POV Dance challenges perspectives on movement and space

This week, POV Dance will open its newest, architecturally inspired performance “In My Own Space” at the Body Mechanics studio in Southeast Portland. Based on an athletic style of modern dance and drawing from contact improvisation, dancers will use and interact with and around the structural characteristics of the space—the ledges, doorways, walls and perhaps the audience members themselves—in order to offer audiences a new way of viewing the space.

“I hope it will give them a new perspective on movement, on the human body, on structure and human relationships,” said Mandy Cregan, one of the company’s founders and co-artistic director.

Cregan and her dancers are accustomed to exploring nontraditional spaces through movement. Collaboration is inherent to their choreography and rehearsal process, which began in February. They think of what they do as architectural rather than conceptual; they pull the movement out of the space and are dependent on the elements available to them.

“The work we do transforms those spaces, hopefully drawing attention to the architecture itself and how its forms already dance in unexpected ways,” said Taylor Eggan, a dancer with the company since 2010. “In other words, we help make architecture an event in itself.”

In this case, the audience will move through the space as the dancers perform. They will start outside, walking down a side alley, entering through the backdoor and through various rooms until they exit through an open garage door onto the sidewalk at the front where they began. The dancers are divided into two groups, and when one performance is halfway over, another one begins with another audience.

This not only makes audience members part of the space, but requires them to constantly choose where to direct their attention.

“In this piece, in which two dances are always happening simultaneously, the sense that you are missing something is always a part of the experience,” Eggan said. “I think this is unique, and in this regard, the performance is a little microcosm of daily living—it offers a forum, however humble, for meditating on the beautiful incompleteness of experience.”

Rachael Lembo, another dancer with the company since 2010, is also excited about how the audience will be engaged and forced to navigate the space, objects and other people.

“I think it adds to the playfulness. I hope some people will wander by with their Salt & Straw cones totally unaware of what’s happening and be curious enough to stop and follow the dance,” Lembo said. “What’s always fun for me with this work is that it feels playful and beautiful. The audience often ends up very close to us, and I love being able to watch them as they’re watching us.”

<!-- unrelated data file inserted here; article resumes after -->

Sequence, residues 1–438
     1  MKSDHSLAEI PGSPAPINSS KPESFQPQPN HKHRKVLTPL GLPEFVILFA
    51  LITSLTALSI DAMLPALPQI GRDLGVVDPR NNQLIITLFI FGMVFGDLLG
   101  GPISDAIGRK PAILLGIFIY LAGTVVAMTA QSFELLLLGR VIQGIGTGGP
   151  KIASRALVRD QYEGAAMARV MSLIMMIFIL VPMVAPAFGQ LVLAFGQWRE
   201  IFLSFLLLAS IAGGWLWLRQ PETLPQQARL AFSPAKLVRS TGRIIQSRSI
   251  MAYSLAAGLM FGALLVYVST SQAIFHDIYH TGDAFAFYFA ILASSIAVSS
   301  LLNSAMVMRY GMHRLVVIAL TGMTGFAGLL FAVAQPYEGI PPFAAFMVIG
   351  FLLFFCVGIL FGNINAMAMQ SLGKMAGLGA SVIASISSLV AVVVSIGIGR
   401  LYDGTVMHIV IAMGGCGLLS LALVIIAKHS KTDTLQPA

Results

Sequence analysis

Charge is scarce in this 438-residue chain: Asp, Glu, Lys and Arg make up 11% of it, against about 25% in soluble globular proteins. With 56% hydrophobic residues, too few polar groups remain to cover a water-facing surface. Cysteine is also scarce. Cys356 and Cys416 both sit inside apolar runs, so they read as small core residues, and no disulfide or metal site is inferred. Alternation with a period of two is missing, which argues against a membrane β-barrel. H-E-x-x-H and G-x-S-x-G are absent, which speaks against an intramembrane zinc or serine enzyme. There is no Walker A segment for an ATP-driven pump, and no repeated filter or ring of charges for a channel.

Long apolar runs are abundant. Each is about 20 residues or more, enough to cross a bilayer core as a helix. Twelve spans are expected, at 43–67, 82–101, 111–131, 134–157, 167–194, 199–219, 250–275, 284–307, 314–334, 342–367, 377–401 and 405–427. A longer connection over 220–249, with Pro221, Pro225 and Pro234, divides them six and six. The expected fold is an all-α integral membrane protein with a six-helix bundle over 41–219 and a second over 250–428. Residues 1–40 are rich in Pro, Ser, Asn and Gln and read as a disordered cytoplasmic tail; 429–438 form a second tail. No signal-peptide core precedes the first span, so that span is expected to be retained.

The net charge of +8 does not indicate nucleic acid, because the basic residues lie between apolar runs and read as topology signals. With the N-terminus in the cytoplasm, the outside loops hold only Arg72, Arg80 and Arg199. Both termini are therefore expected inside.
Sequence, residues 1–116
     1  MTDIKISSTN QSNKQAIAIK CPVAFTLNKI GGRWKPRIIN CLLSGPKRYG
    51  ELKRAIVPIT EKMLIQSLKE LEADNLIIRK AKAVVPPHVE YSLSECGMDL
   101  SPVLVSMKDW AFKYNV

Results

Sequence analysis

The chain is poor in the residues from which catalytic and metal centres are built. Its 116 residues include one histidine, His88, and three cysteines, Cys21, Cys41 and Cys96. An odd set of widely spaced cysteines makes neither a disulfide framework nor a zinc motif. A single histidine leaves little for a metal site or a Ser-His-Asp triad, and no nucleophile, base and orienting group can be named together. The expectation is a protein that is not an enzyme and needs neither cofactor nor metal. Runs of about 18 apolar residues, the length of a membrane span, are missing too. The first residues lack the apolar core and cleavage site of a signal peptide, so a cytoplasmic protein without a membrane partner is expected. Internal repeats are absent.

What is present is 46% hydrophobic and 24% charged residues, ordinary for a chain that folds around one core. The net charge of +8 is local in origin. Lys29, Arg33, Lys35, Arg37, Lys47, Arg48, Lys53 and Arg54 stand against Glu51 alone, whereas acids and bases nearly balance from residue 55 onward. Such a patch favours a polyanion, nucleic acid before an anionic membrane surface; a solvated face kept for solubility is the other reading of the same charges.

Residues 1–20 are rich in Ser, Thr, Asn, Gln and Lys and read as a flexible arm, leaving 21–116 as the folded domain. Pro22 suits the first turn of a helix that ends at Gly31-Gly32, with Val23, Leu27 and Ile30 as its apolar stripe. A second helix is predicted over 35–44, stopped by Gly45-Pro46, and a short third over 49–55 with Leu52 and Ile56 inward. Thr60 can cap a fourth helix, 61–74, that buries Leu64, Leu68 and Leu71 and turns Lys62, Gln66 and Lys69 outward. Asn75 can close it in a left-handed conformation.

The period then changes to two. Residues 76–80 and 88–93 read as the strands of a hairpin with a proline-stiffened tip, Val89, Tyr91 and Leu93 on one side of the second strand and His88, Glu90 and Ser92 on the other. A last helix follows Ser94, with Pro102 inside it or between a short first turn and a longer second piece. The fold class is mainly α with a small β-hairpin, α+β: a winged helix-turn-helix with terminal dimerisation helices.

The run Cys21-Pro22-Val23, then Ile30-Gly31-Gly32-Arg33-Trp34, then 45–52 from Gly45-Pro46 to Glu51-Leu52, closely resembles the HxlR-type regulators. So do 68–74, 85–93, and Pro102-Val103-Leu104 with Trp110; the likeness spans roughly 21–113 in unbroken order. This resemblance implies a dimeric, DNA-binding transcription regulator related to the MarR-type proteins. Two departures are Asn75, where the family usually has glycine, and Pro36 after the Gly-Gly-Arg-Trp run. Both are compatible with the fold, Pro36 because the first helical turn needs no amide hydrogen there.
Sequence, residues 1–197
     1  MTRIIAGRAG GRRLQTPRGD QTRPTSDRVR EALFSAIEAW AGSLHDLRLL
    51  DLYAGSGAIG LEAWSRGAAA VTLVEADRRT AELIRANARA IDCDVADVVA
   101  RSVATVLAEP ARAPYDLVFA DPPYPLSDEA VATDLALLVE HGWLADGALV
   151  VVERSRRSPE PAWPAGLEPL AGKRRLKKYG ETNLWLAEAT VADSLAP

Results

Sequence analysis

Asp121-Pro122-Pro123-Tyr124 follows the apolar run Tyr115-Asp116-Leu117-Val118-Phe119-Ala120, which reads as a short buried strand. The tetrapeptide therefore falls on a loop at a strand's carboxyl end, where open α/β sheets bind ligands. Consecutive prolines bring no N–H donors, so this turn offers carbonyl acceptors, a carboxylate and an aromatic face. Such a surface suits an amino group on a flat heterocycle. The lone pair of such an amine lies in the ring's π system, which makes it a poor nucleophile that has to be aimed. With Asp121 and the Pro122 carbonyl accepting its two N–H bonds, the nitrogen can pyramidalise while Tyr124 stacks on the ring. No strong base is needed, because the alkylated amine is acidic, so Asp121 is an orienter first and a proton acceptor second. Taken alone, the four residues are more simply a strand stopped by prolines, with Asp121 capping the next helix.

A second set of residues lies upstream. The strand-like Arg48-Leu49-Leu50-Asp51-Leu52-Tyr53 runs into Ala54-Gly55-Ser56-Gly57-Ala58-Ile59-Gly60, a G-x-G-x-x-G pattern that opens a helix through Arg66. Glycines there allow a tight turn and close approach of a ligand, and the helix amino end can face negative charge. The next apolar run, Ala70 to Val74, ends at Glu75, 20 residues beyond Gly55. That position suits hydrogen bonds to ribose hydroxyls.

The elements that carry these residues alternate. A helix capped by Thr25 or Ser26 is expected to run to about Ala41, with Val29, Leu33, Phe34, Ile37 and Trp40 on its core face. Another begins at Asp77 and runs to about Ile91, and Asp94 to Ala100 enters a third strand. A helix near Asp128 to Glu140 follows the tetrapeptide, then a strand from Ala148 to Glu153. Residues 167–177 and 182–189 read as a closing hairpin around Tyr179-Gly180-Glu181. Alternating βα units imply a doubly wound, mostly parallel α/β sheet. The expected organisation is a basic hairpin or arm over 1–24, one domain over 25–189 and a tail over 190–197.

This project posed some new challenges for Cregan and the company. Each of their past productions has relied on a different location being offered to them. This time they were unable to secure any of the spaces they wanted. So Cregan resorted to using the pilates studio she owns, Body Mechanics, thus bringing previously separate parts of her life together.

“I had to completely decompartmentalize myself to have this process happen,” Cregan said. Having to have this space contain all of those parts of me was a much larger challenge than I anticipated. Normally being in a space that is not my own space I never really worry about dance. But being in this space I found, personally, it was hard.”

She worried about people coming into the space and how the dance would be perceived, bringing up her own fears of judgement, something she hadn’t felt before as a dancer.

The studio space also posed unique challenges, such as working around the pilates equipment.

“We tend to work with things that are more solid and stable,” Eggan said. “But in the case of Body Mechanics, we also found ourselves dancing with objects that actually moved: The reformers shift under you and the cadillacs have a tendency to topple if you swing too hard on them. So in this case the architecture dances with us in ways both literal and figurative.”

Another challenge was the budget. When they didn’t receive the grant they’d hoped for, the company was forced to modify aspects of the performance, such as the music and lights. While in the past they’d worked with live musicians and hired theatrical lighting designers, they couldn’t afford to do that this time.

Cregan said this piece would not be what it is without those limitations and she has grown immensely because of the challenges.

“The place I’ve gotten to is this ultimate ownership of my space. This is me, full on, all of me, in my space,” said Cregan. “The challenge has been the reward. Having to own all of myself. That has been the reward.”

In that sense she has received the same gift she hopes to give the audience—a new perspective.